The threaded insert allows you to use machine thread bolts or screws in wood products. These include hard and softwood as well as manufactured products like MDF, particle core, and veneer core plywood. There are two main reasons that I like to use threaded inserts. The first is when I want to increase the pullout strength of a connection I’m making. The second is on projects where thread erosion or stripping will be a potential problem.
I have used threaded inserts over the years in a variety of woodworking projects. They are great when making various types of power and hand tool jigs and fixtures. Oftentimes these projects have a certain level of adjustability, so the threaded inserts allow for tightening and loosening a wood screw without stripping the hole. Threaded inserts are also handy for making furniture that is designed to be disassembled and reassembled a few times. As the father of a daughter who is in university, designing furniture that can be reliably taken apart and moved makes my life much easier.
I’ve used them on display cases where the contents of the case need to be accessible for the user. A common one for me was a display case that held a ceremonial sword for a colonel in the military. The case displayed and protected the sword and scabbard, and it could be accessed when needed for parades or other ceremonial duties. They can also be used for wooden shipping or traveling crates that hold precious cargo, especially if those crates will be used repeatedly, and they are great for installing drawer pulls or handles because of the dependability of the machine threads. These are just some of the uses for threaded inserts, but really, the list could go on and on.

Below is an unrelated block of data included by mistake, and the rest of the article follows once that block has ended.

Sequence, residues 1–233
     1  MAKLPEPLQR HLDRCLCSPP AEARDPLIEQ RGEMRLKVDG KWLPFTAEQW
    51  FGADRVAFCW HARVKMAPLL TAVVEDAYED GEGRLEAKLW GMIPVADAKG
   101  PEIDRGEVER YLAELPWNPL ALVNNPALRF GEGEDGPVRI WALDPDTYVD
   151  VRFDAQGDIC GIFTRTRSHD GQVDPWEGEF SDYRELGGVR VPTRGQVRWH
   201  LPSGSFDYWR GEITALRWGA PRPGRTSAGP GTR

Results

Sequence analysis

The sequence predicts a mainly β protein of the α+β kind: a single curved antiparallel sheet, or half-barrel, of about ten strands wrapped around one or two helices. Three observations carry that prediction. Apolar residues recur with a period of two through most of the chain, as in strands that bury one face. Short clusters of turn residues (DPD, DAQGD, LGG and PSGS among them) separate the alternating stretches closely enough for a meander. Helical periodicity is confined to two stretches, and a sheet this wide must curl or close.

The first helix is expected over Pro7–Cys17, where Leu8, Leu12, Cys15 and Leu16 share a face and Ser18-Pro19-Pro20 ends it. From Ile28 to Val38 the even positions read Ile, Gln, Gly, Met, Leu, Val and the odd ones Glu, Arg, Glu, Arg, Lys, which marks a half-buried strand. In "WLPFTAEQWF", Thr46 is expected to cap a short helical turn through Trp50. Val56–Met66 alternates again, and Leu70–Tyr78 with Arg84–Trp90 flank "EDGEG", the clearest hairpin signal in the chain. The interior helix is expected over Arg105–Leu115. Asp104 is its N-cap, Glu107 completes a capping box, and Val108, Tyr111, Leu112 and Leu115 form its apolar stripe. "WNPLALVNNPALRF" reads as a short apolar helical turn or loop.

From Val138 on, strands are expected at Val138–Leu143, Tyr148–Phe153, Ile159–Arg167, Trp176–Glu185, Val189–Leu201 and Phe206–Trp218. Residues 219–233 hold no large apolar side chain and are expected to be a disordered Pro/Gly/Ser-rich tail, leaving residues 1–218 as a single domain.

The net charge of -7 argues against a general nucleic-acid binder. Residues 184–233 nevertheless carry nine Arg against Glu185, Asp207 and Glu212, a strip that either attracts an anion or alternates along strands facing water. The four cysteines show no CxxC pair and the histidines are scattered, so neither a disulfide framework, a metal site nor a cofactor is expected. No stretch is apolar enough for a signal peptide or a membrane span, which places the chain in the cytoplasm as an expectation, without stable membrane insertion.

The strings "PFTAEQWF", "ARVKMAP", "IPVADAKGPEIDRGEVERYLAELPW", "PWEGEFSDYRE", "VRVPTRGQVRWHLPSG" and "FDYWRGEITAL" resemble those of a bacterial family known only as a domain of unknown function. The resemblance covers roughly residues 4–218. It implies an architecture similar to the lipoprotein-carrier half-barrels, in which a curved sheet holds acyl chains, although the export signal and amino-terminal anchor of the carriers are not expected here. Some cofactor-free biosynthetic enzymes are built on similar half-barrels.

Installing threaded inserts is straight forward. Follow the manufacturers recommendations for the pilot hole size and be sure to drill the hole deep enough to allow the insert to fully seat. In the case of Rampa inserts, the company recommends 10 to 10.5mm depending on the density of the material. 10mm would be suitable for softer woods like pine and 10.5mm would be better for hard maple.
Be extra careful if you are installing the insert close to the edge of a component since there is a chance that the insert can split the substrate. There is a way to secure the insert in place and make sure this doesn’t happen. Frist, drill a slightly larger hole that is equal to the outside diameter of the external thread. In the case of the Rampa insert, the larger hole would be 12mm. Next, mix up some 5-minute epoxy. Then place the insert into the hole and add the epoxy to the sides of the hole. To protect the inner threads from epoxy, cover the bottom of the insert with a small dot of masking tape.
Threaded inserts have been around for quite a while and there are many different types available. Like all hardware, you can get bargain-basement inserts that are poorly made and inexpensive, or you can get well-made versions that will stand the test of time. My vote is always high quality because the cost of good hardware never outweighs the potential failure of a project.